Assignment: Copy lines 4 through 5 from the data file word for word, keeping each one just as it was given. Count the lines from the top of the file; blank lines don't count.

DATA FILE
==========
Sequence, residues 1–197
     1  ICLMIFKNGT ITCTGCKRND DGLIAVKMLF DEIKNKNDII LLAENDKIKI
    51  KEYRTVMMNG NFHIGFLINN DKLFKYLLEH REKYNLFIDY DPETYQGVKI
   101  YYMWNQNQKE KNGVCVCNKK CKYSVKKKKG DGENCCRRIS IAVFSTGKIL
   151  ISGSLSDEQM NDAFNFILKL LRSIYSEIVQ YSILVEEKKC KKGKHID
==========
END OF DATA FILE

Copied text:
   101  YYMWNQNQKE KNGVCVCNKK CKYSVKKKKG DGENCCRRIS IAVFSTGKIL
   151  ISGSLSDEQM NDAFNFILKL LRSIYSEIVQ YSILVEEKKC KKGKHID